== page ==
The Accountability Music Awards 2021 are also aligned with the African Union Theme of the year 2021 that focuses on “The AU Year of the Arts, Culture and Heritage: Levers for Building the Africa We Want”. Through the declaration of 2021 as the Year of the Arts, Culture and Heritage, the African Union (AU) recognises the potential for the Cultural and Creative Industries (CCIs) to promote unity in society, as well as hasten the process of restructuring and growing economies through the creative sector. The theme also calls to the fore the need for commitment by policy makers to create an enabling environment for investment in the development of cultural industries including allocating the necessary and adequate resources, legislative action, and implementing policies and programmes aimed at establishing a more robust and sustainable creative industries sector.
The growth and development of the Creative Economy on the continent has not only been hampered by inadequate investment, the sector has also been stifled by graft and other corrupt practices. From the colonial era, corruption in the creative industry has been witnessed as African artworks and artefacts were taken out of Africa before, during and after colonisation, to modern day graft where artists continually lose their earnings through misappropriation of royalties, diversion of funds earmarked for the sector, copyright fraud, piracy of intellectual work, and bribery and exploitation of cultures such as gift-giving to advance corruption. Corruption has also led to the flooding of the African market with harmful alien cultural products that have a destructive effect on national cultural identities.
Cases of graft have also been registered where African cultural products have been fraudulently shipped to developed countries from where the products are re-exported to Africa and traded as foreign goods. The existence of corruption in the arts, culture and heritage sector, in either small or large scale trends, calls for refocused efforts, adoption of legal, institutional and practical measures to sustainably stem graft in the industry. The existence of legislation must be fully supported with strong enforcement.
The African Union Convention on Preventing and Combating Corruption, offers practical recommendations and credible response to stem the culture of impunity and corruption for a political, social, economic and cultural stability. The Convention acts as a guiding framework for the work of the African Union Advisory Board on Corruption (AUABC) which is at the forefront of working with key stakeholders and CCIs players to address issues of graft in the creative sector both within and outside the continent.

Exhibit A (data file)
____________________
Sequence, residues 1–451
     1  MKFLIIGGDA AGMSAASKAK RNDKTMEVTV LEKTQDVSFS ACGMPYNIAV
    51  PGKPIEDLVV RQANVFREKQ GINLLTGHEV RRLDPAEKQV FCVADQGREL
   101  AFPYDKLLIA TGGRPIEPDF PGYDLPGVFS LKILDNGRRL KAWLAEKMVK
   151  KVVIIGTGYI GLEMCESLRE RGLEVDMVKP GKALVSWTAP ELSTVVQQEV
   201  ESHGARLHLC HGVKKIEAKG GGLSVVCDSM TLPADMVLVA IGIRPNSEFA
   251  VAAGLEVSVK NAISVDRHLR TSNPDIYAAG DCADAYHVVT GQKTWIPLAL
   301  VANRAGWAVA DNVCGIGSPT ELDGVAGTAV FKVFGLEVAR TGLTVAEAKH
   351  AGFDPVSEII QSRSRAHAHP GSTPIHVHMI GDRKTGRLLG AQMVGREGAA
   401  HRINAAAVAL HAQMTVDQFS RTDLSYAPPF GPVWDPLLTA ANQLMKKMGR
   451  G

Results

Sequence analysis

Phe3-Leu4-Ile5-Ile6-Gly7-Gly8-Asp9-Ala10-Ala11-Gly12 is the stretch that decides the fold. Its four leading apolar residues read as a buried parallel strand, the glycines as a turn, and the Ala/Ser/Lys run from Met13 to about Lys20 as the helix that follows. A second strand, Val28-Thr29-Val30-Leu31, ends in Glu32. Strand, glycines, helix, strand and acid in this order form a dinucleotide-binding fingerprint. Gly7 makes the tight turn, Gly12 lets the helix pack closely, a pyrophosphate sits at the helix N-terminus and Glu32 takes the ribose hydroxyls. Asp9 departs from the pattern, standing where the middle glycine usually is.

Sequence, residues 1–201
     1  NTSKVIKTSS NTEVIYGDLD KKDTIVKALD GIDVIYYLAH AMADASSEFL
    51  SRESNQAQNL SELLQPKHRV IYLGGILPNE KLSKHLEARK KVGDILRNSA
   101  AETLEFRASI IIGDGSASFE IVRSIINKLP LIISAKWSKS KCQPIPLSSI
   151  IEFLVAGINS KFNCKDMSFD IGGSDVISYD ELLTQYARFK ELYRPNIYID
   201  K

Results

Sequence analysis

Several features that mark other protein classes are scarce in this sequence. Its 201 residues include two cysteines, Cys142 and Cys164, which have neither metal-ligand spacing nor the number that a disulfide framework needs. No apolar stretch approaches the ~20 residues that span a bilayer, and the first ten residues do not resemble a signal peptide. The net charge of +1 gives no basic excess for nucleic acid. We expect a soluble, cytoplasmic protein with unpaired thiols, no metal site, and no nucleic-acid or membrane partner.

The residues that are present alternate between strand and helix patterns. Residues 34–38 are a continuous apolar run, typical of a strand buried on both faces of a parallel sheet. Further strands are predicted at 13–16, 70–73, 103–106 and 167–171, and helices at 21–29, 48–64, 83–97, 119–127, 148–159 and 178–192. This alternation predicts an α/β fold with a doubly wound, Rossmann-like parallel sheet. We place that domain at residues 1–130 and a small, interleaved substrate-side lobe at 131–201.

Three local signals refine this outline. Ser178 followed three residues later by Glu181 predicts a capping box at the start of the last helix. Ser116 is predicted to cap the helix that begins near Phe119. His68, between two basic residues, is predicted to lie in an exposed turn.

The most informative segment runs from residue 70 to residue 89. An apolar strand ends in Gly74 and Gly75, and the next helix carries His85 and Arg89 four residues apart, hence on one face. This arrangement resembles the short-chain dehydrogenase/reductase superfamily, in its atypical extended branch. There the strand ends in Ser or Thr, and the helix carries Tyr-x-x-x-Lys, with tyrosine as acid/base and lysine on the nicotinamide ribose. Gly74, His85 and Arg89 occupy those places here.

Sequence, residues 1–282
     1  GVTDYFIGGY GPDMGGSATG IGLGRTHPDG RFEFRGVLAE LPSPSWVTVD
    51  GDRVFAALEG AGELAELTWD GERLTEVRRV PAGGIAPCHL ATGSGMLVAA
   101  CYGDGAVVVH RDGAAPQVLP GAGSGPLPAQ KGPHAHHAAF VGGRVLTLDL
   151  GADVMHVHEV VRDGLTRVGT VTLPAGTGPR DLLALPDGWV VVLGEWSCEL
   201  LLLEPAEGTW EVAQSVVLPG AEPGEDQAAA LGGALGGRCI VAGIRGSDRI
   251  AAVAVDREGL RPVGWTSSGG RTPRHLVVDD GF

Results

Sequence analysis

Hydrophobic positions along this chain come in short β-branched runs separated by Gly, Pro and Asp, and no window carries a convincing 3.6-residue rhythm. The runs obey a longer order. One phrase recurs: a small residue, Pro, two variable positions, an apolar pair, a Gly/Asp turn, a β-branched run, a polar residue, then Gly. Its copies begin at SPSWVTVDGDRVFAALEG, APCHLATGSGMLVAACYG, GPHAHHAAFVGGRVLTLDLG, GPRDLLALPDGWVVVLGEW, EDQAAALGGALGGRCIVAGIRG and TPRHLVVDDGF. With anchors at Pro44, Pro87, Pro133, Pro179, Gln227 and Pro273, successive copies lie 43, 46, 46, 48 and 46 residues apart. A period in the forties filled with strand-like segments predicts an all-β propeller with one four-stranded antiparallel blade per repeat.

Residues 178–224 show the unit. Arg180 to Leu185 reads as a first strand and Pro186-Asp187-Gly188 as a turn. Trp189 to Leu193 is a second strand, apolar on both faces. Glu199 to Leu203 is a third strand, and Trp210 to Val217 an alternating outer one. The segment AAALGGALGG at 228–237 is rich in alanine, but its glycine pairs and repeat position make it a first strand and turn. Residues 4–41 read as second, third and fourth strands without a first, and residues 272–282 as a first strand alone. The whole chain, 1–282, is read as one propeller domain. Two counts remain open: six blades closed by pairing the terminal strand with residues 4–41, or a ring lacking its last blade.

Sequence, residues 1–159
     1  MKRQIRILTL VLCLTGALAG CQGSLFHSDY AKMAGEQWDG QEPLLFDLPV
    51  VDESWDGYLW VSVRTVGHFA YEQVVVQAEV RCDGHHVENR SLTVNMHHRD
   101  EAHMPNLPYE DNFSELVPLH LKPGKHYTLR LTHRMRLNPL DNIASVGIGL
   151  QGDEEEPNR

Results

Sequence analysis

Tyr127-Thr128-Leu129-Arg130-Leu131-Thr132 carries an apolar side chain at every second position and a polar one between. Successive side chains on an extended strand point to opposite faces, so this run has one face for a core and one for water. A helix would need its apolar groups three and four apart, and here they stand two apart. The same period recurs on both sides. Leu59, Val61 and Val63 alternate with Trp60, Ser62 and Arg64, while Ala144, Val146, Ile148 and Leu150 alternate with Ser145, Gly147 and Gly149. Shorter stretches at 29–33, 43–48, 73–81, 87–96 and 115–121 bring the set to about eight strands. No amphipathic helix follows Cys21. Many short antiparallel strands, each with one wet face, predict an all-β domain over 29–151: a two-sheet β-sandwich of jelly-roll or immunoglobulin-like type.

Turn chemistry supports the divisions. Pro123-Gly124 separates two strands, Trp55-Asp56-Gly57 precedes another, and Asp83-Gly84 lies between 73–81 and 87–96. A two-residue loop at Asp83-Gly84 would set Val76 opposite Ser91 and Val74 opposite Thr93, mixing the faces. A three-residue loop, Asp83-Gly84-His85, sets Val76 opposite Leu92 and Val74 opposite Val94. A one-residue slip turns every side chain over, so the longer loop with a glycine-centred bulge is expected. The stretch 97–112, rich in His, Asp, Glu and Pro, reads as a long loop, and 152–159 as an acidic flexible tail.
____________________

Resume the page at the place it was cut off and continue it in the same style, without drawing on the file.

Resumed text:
The Convention, together with other existing Treaties promoting good governance, and the Common African Position on Asset Recovery sets out the recommended measures and actions required to effectively address corruption on the continent.
The Accountability Lab makes governance work for people everywhere by supporting active citizens, responsible leaders and accountable institutions. We are reimagining how to build accountability to support a world in which resources are used wisely, decisions benefit everyone fairly, and people lead secure lives.
ONE is a global movement campaigning to end extreme poverty and preventable disease by 2030, so that everyone, everywhere can lead a life of dignity and opportunity. We believe the fight against poverty isn’t about charity, but about justice and equality
About the Accountability Music Awards 2019 Winner
Lagos-based musician Chioma “Cill” Ogbonna was the winner of the 2019 Accountability Music Awards, beating out a competitive field of other finalists who represent the best of socially-conscious music from across the African continent.
Cill’s music incorporates elements of soul, alternative rock, folk, and country music, with splashes of ‘Africanness’. She abandoned her legal career in 2016 to pursue her love of music. Her song “All You’ve Got” talks about social and political reform in Nigeria and encourages citizens to take an active role in pushing for change.
Resource and Reference Materials
Further inquiries should be directed to:
Submit your request to firstname.lastname@example.org or email@example.com
Ms. Doreen Apollos: Information and Communication Directorate: ApollosD@africa-union.org